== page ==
Published on July 7th, 2014 | by Clint Davis
Conan O’Brien Can’t Stop 
Summary: The kind of movie all fans would love to see made about their idols. Conan proves to be an interesting subject but the movie feels like it was made by friends and comes off self-serving more often than not.
R | 89 min.
Director & Editor: Rodman Flender
Studio: Pariah | Distribution: Abramorama, Magnolia Home Entertainment
Box Office: $267,965 (#280 of 2011)
“I can’t shut up.”
That’s one of the final lines spoken in Conan O’Brien Can’t Stop, by none other than the irreverent television host named in its title. By the time the words are uttered, nobody in the audience would put up any shred of an argument.
This 2011 documentary, which is now streaming on Amazon Prime, is the type of picture that fans of Conan O’Brien will adore yet it likely won’t convert any of his detractors because well, what you see on his nightly talk show is exactly what you get.
Conan O’Brien Won’t Stop hit theaters less than a year after O’Brien’s TBS talk show Conan debuted. The show is still going 500 episodes later and it’s no surprise as O’Brien has proven to be one of the most successful, respected and original late-night television hosts in the history of the time slot. In this film, director Rodman Flender documented the tumultuous time in Conan’s career that led to his current show, following a highly-publicized and controversial split with NBC.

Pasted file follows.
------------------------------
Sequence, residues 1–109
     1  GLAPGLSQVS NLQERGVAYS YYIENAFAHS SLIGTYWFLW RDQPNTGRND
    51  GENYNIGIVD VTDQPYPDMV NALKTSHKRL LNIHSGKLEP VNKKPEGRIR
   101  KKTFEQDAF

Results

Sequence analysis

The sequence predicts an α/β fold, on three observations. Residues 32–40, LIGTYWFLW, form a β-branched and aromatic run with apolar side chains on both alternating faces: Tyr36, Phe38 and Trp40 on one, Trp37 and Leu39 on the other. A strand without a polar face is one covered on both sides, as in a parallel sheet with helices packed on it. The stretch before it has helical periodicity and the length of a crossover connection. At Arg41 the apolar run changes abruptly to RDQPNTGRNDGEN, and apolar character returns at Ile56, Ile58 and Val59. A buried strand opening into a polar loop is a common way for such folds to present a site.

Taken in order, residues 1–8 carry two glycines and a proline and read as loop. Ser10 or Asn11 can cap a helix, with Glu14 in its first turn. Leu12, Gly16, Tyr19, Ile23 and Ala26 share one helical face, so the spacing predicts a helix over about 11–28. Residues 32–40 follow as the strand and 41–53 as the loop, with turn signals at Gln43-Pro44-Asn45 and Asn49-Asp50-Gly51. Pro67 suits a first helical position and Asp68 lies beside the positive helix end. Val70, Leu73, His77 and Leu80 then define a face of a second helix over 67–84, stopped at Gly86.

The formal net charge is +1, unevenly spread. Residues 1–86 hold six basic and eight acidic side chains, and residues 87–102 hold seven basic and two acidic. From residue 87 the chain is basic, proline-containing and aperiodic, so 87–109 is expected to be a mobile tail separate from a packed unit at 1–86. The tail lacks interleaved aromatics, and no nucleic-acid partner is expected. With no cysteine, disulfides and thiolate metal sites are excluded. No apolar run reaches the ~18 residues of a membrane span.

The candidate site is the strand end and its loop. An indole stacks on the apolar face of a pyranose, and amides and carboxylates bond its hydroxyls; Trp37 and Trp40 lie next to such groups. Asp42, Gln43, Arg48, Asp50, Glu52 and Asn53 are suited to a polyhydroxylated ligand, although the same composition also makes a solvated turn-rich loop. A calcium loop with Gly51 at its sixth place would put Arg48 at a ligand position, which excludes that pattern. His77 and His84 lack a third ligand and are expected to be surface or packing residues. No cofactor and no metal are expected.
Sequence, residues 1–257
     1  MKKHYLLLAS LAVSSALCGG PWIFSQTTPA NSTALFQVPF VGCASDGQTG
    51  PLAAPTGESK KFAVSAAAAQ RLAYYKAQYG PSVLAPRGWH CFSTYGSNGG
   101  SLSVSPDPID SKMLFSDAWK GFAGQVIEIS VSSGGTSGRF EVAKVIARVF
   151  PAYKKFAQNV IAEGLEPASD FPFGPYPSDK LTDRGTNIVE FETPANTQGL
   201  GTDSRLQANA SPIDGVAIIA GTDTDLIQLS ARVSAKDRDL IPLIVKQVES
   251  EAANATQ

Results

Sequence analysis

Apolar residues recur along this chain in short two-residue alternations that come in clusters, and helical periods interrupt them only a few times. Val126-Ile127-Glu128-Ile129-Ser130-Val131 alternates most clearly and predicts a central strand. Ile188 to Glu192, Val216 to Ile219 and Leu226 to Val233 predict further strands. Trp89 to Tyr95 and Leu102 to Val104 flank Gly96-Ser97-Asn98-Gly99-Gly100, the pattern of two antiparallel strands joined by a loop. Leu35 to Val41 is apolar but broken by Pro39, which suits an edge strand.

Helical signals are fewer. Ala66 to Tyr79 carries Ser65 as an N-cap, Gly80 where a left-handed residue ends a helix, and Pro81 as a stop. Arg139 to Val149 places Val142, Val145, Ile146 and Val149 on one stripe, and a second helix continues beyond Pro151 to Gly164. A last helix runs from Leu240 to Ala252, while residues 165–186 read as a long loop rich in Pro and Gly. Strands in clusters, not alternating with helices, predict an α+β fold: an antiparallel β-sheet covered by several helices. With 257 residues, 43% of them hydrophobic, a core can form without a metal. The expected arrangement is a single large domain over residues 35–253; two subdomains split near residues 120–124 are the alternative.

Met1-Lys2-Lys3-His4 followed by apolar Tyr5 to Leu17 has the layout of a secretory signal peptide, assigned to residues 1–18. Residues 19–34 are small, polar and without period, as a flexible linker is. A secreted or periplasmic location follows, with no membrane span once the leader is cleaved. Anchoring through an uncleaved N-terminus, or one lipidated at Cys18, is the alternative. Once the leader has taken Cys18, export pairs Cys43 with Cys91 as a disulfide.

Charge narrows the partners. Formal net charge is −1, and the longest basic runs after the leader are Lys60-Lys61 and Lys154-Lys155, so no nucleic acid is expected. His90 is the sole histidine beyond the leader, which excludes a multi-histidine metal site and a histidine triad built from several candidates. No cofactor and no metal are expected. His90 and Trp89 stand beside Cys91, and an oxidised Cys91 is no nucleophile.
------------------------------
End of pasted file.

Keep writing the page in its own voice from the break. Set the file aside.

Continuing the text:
Anyone who was alive and moderately paying attention to the news in 2010 remembers the soap opera that ended with Conan’s swift departure from hosting The Tonight Show and the way NBC’s executives collectively stepped on their dicks during the whole situation. In the end, Conan got a tidy cash settlement and a six-month ban from appearing on television. Flender’s film opens with a quick recap of the entire situation but the rest of Conan O’Brien Can’t Stop focuses on the host’s subsequent nationwide variety show tour that filled the half a year of restless angst in his life.